The Daring Bakers Challenge for the month of May was to make the piece montée//croquembouche, which is a high pyramid/cone made of profiteroles (cream-filled puff pastries) sometimes dipped in chocolate, bound with caramel, and usually decorated with threads of caramel, sugared almonds, chocolate, flowers, or ribbons. Cat from Little Miss Cupcake is hosting this month challenge, and it is mandatory to use pate a choux (Puff pastry) and crème patisserie and final assembly of piece montée should be looks like a mounted structure with some height to it.
At first I was planning to make a sweeter version with mango and coconut milk crème patisserie. I even made custard with mango and coconut milk with agar as solidifying agent. However my puff pastry fell flat and looked like cookies and there was no place to put my mango custard. I felt that they were telling don’t mess with us; we are not interested in carrying any extra weight of mango custard. Frustration of failing at the first attempt resulted even in the dropping of the idea of making the croquembouche. A week passed by, and after seeing lots of good pictures of fellow Daring Bakers croquembouche my mind got interested and started making pate a choux.
The second time got charm, since I got burned thinking of making sweet version, I decided this time I will make savory version. I added grated carrots and finely chopped onion, ginger, red chili powder, cumin powder, black pepper and chaat masala into my cream yogurt filling. Trust me they are really tasty. I reduced the recipe amount into half and used bread flour for pate a choux (puff pastry) with one whole egg and one egg white. Since I made savory version I skipped sugar and added black pepper and salt in the puff pastry.
Even though I wanted to use the recipe given by Cat, I ended up modifying it due to the version change. I didn’t use any glaze. As I used grated carrots and chopped onions ,piping into the puff pastry was out of question. So I made cut in the top of puff pastry and filled the filling with a spoon. It may look crocodile opening the mouth, no problem not pretty but tasty, that is what I want.
Recipe adapted from Peter Kump’s Baking School in Manhattan and Nick Malgieri.
What you need
Pate a Choux
Water: ¾ cup
Unsalted butter: 3 tablespoon
Salt: ½ teaspoon
Black pepper: ¼ teaspoon
Bread flour: ½ cup
Egg: 2 no (1 whole egg and other egg white)
Ghee/clarified butter: 1 tablespoon
How I made
Pate a choux( Puff pastry)
Pre-heat oven to 425◦F/220◦C degrees. Line baking sheet with parchment paper.
Combine water, butter, salt and black pepper in a saucepan over medium heat. Bring to a boil and stir occasionally. At boil, remove from heat and sift in the flour, stirring to combine completely.
Return to heat and cook, stirring constantly until the batter dries slightly and begins to pull away from the sides of the pan.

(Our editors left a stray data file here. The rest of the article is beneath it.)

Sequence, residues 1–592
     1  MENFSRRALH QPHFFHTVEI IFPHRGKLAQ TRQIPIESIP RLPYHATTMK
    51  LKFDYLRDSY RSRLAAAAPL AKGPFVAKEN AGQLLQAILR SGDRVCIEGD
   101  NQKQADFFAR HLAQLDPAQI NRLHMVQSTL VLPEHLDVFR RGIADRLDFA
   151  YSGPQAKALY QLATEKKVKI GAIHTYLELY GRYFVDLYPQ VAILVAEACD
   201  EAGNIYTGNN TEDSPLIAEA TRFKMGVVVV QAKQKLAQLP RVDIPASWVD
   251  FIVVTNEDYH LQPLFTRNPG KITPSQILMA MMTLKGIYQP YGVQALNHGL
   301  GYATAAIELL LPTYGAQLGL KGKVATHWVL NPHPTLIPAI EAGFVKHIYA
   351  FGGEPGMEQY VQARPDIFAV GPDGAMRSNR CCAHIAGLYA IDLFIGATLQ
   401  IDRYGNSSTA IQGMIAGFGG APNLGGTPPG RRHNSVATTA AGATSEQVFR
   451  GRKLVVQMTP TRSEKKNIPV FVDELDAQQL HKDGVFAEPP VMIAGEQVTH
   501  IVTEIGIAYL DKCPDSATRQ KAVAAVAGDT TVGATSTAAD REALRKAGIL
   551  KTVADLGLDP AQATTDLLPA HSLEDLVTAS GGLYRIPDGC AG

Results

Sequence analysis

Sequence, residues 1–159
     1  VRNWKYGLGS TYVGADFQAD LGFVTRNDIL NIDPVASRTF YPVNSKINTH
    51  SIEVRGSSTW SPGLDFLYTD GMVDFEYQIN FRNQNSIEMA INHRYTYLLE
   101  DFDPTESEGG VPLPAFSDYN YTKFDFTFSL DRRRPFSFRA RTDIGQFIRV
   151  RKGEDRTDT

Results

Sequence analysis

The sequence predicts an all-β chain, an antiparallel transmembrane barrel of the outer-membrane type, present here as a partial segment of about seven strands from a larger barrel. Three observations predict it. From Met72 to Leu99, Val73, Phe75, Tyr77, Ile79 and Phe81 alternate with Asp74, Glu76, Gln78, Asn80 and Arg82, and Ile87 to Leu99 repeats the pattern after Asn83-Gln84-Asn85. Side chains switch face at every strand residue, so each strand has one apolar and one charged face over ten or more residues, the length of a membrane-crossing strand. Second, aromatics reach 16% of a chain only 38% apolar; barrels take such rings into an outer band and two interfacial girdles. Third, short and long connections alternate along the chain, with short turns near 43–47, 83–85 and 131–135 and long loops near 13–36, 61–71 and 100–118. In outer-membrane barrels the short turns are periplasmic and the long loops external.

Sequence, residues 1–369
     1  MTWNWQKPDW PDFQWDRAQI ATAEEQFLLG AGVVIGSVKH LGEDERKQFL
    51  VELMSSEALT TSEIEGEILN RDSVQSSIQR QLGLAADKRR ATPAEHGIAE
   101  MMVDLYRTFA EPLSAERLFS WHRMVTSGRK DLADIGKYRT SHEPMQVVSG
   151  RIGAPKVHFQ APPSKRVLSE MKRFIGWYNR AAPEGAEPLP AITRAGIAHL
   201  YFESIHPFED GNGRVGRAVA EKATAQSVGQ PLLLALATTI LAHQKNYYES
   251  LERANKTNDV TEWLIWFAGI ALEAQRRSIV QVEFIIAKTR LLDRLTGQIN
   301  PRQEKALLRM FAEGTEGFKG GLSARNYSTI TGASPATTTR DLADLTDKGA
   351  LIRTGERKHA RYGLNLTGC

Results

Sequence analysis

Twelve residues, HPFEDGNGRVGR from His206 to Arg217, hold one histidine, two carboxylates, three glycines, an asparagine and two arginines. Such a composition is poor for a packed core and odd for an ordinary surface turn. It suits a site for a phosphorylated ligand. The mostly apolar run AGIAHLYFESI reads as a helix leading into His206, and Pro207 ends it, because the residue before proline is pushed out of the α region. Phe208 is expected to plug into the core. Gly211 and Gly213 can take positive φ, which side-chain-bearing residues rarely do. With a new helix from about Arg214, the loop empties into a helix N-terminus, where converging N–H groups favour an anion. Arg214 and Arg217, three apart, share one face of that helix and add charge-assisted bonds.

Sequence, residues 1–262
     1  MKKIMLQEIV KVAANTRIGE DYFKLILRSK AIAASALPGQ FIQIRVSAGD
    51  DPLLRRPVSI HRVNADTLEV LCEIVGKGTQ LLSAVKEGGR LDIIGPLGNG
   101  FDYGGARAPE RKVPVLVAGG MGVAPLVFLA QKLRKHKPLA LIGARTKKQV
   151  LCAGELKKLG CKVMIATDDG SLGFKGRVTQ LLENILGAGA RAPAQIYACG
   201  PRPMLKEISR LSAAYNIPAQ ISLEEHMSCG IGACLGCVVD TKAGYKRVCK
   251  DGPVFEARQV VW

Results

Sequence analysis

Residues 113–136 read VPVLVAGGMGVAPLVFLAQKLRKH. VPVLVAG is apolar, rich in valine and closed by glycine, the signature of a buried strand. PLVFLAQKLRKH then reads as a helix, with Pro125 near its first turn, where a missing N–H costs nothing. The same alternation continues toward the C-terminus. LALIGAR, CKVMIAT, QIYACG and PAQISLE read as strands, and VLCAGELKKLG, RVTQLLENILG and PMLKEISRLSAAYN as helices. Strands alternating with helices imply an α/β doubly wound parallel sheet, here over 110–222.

Transfer to a bowl and stir with a wooden spoon 1 minute to cool slightly.
Add 1 egg. The batter will appear loose and shiny. As you stir, the batter will become dry-looking like lightly buttered mashed potatoes.
Add in the next egg white. Mix everything until incorporated well.
Transfer batter to a pastry bag fitted with a large open tip (I piped directly from the bag opening without a tip). Pipe choux about 1 inch-part in the baking sheets. Choux should be about 1 inch high about 1 inch wide.
Using a clean finger dipped in hot water, gently press down on any tips that have formed on the top of choux when piping to retain their ball shape, but be smoothly curved on top.
Bake the choux at 425◦F/220◦C degrees until well-puffed and turning lightly golden in color, about 15 minutes.
Lower the temperature to 350◦F/180◦C degrees and continue baking until well-colored and dry, about 10 minutes or until you hear hollow sound while tapping the bottom. Remove and brush with ghee and cool it in rack.
If you want you can store it in air tight container overnight.
Grated carrots: 1/3 cup
Red onion: 1/5 cup ( finely chopped)
Ginger: ½ tablespoon( finely chopped)
Salt: ¼ teaspoon or to taste
Yogurt: ½ cup( I used 2% fat)
Heavy whipping cream: ½ cup
Chaat masala: 1/4 teaspoon
Cumin powder: ¼ teaspoon
Chili powder: ¼ teaspoon
Peeled carrot: 2 tablespoon ( for decoration)
Onion: 1 tablespoon (Cut into thin strips for decoration)
Mint leaves: 1 sprig (for decoration)
Hang the yogurt in cheese cloth for an hour to remove the excess water. For better results, try to hang it for overnight in a refrigerator.
In a small bowl mix grated carrot, onion, ginger, black pepper , cumin, chili powder and chat masala and keep aside.
Combine the cream in a chilled mixing bowl. Whip the cream using a hand mixer on low speed until the cream starts to thicken for about one minute. Increase the speed to medium-high. Whip the cream until the beaters leave visible (but not lasting) trails in the cream, then gently fold in yogurt. Transfer the yogurt whipped cream to a bowl and folds in veggies and masala and keep aside.
[Tip: Use an ice cold bowl to make the whipped cream in. You can do this by putting your mixing bowl, cream and beater in the fridge for 20 minutes prior to whipping the cream.]
Assembly of Piece Montée/croquembouche:
Cut the top of puff pastry into half slit and gradually fill in with filling using a spoon. Continue until entire puff pastry is filled with filling.
Place the piece montée, in a plate and decorate with grated carrots, cut onion and sprig of mint leaves.
Preparation time: Prepare puff pastry: 10 minutes
To pipe: 5 minutes
Bake: 25 minutes
For cram filling: 15 minutes
Verdict: Yummy, delicious
Will you make it again: I will?